Reorganization and Restructuring of a Legal Entity
Reorganization and restructuring of a company are strategic processes that impact its operations and efficiency. These processes may involve changes in the company’s structure, ownership, finances, and strategy, and they play a crucial role in its development and adaptation to changing market conditions.
When is Restructuring Needed, and When is Reorganization Necessary?
Restructuring and reorganization are two different approaches to altering the structure or functioning of a business or organization, and the choice between them depends on the specific situation and objectives. Here are the most common cases where each of these options may be required.
Restructuring of a legal entity:
- Financial issues such as debts, losses, or insufficient profitability;
- Business optimization;
- Mergers and acquisitions.
Reorganization of a legal entity:
- Change in legal status, such as transitioning from one type of legal entity to another;
- Division into separate companies;
- Alteration of ownership structure.
What is Business Reorganization?
Business reorganization is a process whereby a business makes changes to its organizational or legal status, structure, strategy, or operations with the aim of improving its functioning, competitiveness, and performance. Reorganization can be carried out for various reasons and can take different forms depending on a company’s goals and needs.
How Does Business Reorganization Occur?
Business reorganization is a complex process that involves several key steps and actions. Here is a general outline of how it unfolds:
- Analysis of the current state of the enterprise and determination of reorganization goals.
- Development of a plan for changes and specific actions to achieve the set goals.
- Determination of the legal status of new structures and preparation of the necessary documents.
- Development of budgets, income and expense forecasts, as well as financing plans for the reorganization.
- Obtaining necessary permits and approvals from regulators and stakeholders.
- Implementation of necessary actions, such as asset transfers, ownership changes, staff reevaluation, and more.
- Analysis of the results of the reorganization and verification of goal achievement.
- Documentation of legal changes with relevant authorities.
- Establishment of a control system and resolution of issues arising after the completion of the reorganization.
What is the Transformation of a Legal Entity?
The transformation of a legal entity is a legal process in which an existing legal entity changes its legal status, structure, or ownership form without ceasing its operations. In other words, it is a process through which a business or organization can alter its legal form, status, such as transitioning from an individual entrepreneur to a legal entity, ownership structure, such as transitioning from mixed ownership to private or state-owned, and so on.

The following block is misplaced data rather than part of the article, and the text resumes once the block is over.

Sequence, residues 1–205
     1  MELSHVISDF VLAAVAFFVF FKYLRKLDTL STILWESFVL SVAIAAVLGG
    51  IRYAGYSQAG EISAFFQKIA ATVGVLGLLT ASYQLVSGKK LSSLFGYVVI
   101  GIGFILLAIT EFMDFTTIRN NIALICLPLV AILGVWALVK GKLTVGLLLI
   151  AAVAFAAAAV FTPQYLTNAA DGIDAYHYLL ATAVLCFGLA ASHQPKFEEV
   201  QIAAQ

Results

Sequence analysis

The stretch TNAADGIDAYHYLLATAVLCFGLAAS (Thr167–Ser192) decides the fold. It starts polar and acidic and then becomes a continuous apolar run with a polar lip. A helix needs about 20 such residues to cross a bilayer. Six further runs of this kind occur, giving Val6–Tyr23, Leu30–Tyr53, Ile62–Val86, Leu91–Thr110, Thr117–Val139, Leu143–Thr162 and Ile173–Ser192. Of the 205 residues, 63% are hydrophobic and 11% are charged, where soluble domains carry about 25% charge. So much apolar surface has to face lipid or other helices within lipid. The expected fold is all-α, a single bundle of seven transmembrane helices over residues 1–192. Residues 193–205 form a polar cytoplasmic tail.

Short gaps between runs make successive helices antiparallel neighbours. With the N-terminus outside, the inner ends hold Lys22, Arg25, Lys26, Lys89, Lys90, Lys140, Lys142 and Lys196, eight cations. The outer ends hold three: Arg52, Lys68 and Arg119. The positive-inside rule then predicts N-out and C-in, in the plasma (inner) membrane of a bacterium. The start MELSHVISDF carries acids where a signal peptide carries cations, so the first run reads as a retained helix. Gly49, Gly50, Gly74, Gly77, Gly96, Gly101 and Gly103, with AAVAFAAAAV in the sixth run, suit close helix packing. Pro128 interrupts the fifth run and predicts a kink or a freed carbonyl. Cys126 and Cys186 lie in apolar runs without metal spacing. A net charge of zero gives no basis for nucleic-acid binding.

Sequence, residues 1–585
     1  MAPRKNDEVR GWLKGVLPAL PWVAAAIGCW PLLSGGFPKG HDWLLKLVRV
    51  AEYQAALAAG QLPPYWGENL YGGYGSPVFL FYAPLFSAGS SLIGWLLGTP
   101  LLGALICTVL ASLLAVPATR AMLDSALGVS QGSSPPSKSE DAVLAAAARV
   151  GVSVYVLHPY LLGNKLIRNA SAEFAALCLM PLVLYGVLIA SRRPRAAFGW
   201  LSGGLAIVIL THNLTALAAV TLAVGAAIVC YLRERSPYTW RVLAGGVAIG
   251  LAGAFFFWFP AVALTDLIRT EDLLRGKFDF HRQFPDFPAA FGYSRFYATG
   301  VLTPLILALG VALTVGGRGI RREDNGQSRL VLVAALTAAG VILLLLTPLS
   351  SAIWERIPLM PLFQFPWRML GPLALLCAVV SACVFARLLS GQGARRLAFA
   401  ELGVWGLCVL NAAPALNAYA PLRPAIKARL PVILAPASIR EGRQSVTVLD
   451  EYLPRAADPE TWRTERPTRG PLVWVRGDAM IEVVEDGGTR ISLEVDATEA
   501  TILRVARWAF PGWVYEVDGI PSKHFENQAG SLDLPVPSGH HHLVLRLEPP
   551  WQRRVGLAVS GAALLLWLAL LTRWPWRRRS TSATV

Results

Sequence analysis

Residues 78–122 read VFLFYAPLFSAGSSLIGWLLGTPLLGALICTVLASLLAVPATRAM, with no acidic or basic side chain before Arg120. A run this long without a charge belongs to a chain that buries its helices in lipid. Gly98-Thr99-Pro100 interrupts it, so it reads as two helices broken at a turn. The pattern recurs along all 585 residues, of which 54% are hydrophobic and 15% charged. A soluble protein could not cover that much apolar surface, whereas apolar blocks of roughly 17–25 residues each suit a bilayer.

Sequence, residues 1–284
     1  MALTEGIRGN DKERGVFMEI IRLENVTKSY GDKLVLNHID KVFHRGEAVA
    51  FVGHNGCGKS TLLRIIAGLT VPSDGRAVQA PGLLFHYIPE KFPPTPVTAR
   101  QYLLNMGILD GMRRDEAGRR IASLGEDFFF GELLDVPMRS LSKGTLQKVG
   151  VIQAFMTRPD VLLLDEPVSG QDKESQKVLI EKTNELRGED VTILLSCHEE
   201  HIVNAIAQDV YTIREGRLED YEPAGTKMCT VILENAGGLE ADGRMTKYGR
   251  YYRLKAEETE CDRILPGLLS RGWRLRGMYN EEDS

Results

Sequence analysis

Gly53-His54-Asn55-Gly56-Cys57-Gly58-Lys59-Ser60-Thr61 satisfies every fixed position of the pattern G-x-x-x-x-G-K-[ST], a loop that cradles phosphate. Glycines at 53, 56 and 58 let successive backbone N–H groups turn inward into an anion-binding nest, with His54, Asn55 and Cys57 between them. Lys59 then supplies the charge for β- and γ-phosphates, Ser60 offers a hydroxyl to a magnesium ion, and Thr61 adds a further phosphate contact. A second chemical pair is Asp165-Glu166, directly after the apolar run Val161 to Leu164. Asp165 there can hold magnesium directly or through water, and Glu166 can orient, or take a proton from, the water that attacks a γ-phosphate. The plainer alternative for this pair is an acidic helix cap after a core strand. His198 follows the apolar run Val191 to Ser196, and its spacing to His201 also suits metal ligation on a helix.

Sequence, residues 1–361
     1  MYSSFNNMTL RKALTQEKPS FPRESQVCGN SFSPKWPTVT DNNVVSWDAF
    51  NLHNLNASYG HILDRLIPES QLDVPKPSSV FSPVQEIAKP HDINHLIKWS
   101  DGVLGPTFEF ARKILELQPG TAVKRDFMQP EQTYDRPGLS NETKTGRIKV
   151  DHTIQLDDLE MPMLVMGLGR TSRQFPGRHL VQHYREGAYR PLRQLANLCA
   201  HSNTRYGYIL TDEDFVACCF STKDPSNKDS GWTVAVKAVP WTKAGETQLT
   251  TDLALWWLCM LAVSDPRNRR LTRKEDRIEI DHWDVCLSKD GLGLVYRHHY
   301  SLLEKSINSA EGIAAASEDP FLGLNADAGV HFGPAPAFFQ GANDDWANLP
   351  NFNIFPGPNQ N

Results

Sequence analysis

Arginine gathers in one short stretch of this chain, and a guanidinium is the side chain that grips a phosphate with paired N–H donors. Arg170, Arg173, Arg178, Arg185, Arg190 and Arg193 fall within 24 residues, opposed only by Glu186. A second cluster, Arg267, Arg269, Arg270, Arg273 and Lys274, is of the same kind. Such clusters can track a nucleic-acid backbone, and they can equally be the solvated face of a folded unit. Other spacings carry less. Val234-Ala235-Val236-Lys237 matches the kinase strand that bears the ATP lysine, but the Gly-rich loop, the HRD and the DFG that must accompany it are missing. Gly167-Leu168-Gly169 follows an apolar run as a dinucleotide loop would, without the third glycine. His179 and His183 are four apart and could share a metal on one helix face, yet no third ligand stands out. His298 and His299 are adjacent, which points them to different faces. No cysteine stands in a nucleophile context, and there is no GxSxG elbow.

Who Can Decide on the Reorganization of a Legal Entity?
The decision to reorganize a legal entity can be made by the founder (owner) or the governing bodies of that entity in accordance with its charter or founding document. Typically, such decisions are made through meetings (general meetings of shareholders, founders’ meetings, and so on) or by the decisions of governing bodies (such as the board of directors).
What is Included in Business Reorganization and Restructuring?
Business reorganization and restructuring can include the following aspects:
- Change of legal status and ownership structure;
- Financial and debt optimization;
- Changes in corporate governance;
- Reevaluation of strategy and markets;
- Asset reallocation;
- Staff changes;
- Compliance with legal requirements and obtaining permits;
- Attracting investments and financial resources.
Sometimes, due to various circumstances, a company may cease its operations. The main options for these processes include:
- Company liquidation. This process involves the cessation of all organization activities and the distribution of its assets among creditors and owners. Liquidation can be voluntary (by decision of the owners) or compulsory (by court order or other reasons).
- Bankruptcy. This is a state of financial instability where the organization cannot fulfill its financial obligations to creditors. Bankruptcy options may include debt restructuring, asset distribution among creditors, or the cessation of company operations.
Both processes require compliance with legal requirements and procedures and may involve addressing legal issues and the participation of various parties, such as creditors, owners, government authorities, and more. These processes aim to resolve the financial issues of the company and maximize benefits for all stakeholders.